Companies are overstating green claims, consumers say

Sixty-five percent of consumers think some companies overstate their green credentials to sell more products.

Sixty-five percent of consumers think some companies overstate their green credentials to sell more products, according to research presented by industry organization Consumer Electronics Association (CEA) at the International Consumer Electronics Show on Tuesday.

Almost 40 percent are also confused by green claims made by consumer electronics companies, according to Steve Koenig, director of analysis at CEA.

"So, in addition to confusion we have a lot of skepticism, in fact a healthy dose of it," he said.

Most consumers want to know the specific attributes that make a product green. "They want to know what it is in the box or in the product that's going to make it green," Koenig said.

Companies shouldn't be allowed to get away with just saying that they are green, but instead explain what that actually means, he said.

The top three attributes consumers associate with green products is that they are recyclable, energy efficient and made with recycled materials.

There are also rewards to be had for companies who can explain how and why their products are green. "Interestingly enough, green features are trumping brand," Koenig said.

That means a brand that consumers are unfamiliar with, but has good green credentials, could beat out a well-known company that consumers know aren't as environmentally friendly.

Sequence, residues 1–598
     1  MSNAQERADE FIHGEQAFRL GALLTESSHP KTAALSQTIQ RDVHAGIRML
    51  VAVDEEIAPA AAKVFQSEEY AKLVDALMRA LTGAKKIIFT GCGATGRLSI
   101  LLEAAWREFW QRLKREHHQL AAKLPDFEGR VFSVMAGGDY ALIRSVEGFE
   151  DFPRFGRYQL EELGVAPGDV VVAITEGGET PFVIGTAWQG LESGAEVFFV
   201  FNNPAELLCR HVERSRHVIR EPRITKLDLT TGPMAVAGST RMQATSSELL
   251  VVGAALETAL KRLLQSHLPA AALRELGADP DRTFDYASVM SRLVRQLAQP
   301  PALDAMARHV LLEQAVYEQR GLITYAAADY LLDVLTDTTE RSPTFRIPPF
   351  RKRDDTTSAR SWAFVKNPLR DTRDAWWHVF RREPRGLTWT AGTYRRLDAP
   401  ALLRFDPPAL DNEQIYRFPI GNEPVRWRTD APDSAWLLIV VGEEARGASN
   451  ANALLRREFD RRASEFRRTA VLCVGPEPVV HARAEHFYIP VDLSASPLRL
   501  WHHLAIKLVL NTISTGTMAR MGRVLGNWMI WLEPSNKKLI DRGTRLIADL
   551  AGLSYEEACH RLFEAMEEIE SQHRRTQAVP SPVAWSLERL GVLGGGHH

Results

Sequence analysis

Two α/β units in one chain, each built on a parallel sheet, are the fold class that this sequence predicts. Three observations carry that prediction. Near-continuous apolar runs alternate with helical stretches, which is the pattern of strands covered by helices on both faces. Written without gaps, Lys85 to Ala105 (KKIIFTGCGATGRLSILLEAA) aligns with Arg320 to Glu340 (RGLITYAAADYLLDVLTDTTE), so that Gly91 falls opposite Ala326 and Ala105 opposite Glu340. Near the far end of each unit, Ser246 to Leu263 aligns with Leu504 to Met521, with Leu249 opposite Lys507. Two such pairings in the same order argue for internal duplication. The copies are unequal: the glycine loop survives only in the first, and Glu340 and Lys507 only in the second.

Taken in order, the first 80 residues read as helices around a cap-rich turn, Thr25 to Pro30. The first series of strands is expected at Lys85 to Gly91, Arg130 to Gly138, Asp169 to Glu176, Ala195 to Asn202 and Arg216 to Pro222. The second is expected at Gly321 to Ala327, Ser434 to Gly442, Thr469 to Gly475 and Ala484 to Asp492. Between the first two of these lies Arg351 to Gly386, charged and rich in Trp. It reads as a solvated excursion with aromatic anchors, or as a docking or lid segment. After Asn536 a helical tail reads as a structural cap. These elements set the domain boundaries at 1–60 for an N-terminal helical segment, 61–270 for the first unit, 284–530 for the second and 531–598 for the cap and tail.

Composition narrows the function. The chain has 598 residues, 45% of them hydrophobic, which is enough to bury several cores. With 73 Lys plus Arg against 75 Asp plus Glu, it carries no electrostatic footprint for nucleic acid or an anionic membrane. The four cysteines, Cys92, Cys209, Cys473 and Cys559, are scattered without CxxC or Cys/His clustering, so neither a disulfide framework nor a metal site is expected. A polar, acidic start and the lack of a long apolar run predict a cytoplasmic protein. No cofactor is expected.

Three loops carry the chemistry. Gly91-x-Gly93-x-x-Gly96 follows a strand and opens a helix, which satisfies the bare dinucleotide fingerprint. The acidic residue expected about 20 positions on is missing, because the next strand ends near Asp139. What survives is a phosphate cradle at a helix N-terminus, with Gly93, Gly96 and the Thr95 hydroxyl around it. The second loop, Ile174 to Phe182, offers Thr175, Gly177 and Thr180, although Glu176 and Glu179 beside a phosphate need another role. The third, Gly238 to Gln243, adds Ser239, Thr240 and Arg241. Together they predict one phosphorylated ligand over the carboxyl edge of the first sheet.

Forty-five percent of women and 34 percent of men say that a company's reputation and philosophy regarding the environment impacts their decision to try its products for the first time, and a similar percentage of consumers say the same regarding their willingness to continue using a company's products, according to the CEA.

Other attributes -- such as price, features and warranty -- are still significantly more important than environmentally friendly attributes.

Also, a little more than half of consumers surveyed are willing to pay a premium for green products, just like they are willing to pay more for hybrid vehicles and organic produce, according to Koenig.

Twenty-two percent are willing to pay up to 15 percent more for an environmentally friendly product.

"The take-away here is that green is increasingly important to consumers and they're willing to pay for it," Koenig said.

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Mikael Ricknäs

IDG News Service
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